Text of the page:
Collaboration Tools We Use: Skype and Google Apps
Collaboration has been a topic of consideration for me this week. What is it? How is it done right? When should it be done? With whom should it be done? When is an attempt at collaboration a failure and when is it a waste of time?
On Monday, we had a Nuru Directors’ call. I suggested to my colleagues prior to the call that we discuss what collaboration tools we should invest in, come up with a list of our favorites by the end of the call, write up a proposal to the CEO as a result of our findings, and end up with some brand new collaboration tools for ourselves!
One unexpected question was posed: Why search for additional collaboration tools when we already utilize so many? See, we’re all over the world wide web. We use Skype all the time, we have conference calls on tokbox, we use Google Apps and Gmail, we share documents on Google Docs, we use mobile phones, and we even get to see each other face-to-face from time to time. We are a pretty fully functioning virtual organization with people all over the U.S. and where the real magic happens, in Kenya.
I brought up the issue of more collaboration tools because operating virtually doesn’t give the same collaborative feel as I experienced in a previous job as a consultant. Back then, I used to walk into a cubicle every morning with calendars and Gantt charts lining the walls, see some good friends, sit down within mere inches of them, and start my work. We chatted, went to lunch together, shared information, and worked together. Basically, we knew what everyone else was up to. We did all of our work with help available for it within mere inches. When we couldn’t talk to each other, we put on headphones and said, “I’m going under.” (Code for: “don’t talk to me.”) I want to create collaborative environment with my colleagues at Nuru like the one I experienced from a cubicle. Cubicle life is SO great! Believe it.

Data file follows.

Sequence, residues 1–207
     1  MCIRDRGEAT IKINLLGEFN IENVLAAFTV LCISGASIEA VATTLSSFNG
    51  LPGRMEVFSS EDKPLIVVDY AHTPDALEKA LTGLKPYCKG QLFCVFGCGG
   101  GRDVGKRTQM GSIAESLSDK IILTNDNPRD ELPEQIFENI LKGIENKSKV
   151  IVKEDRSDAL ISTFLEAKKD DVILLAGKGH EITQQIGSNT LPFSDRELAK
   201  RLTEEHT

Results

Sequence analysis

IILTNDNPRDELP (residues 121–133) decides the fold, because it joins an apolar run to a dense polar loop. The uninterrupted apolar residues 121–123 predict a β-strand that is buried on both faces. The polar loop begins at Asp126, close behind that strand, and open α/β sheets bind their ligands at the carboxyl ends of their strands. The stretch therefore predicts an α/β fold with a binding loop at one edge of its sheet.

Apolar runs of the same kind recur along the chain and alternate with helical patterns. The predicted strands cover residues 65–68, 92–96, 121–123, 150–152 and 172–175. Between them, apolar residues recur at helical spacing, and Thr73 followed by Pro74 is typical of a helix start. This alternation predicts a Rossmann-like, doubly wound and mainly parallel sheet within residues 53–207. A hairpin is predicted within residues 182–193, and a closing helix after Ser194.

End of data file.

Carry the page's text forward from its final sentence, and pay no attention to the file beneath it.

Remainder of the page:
But why try to solve a problem that isn’t perceived to exist? We have all the means to communicate, free and at our fingertips at all times, but what doesn’t exist amongst this group of people is a reason to be all up in each others’ business every minute of the day as my consulting colleagues and I were. I saw their point. In consulting, when life was as I described it above, it was because there was a hot deadline and a deliverable to meet for a client, and all of those bodies within inches of each other were working on different aspects of that same deliverable. Here, the HR Director and I are not typically working on similar deliverables, so there is not a real need for more collaboration between us or another collaboration tool.
With full realization that I was creating more work for us by trying to find a solution to a problem that was not there, I turned inward to try to create more collaboration: to my colleagues on the Research Team.
I read an amazing blog post a few weeks ago from one of my favorite bloggers (Duncan Green from Oxfam) on how to do good research in development. I was inspired by the post, and then I had the idea that it would be a great post to discuss with the research team…perhaps a chance for some collaborative brainstorming.
I sent the link to Stephanie and Lindsay, our two domestic staff members on the research team, and scheduled a time for us to discuss it. Unfortunately, I didn’t go any further in my explanation of the discussion other than to say to them: “let’s discuss this.” So when the call started (on tokbox no less), I was looking at two rather blank faces without an idea of what exactly we were supposed to be sharing related to this post. We managed to get things started though and have a very fruitful discussion with some great ideas that led to Lindsay finding this great post on a similar topic.
So, some collaboration happened. I was reminded of two lessons though, in reverse order: define your question, and don’t supply an answer to your question until you’ve done so.
See you next week!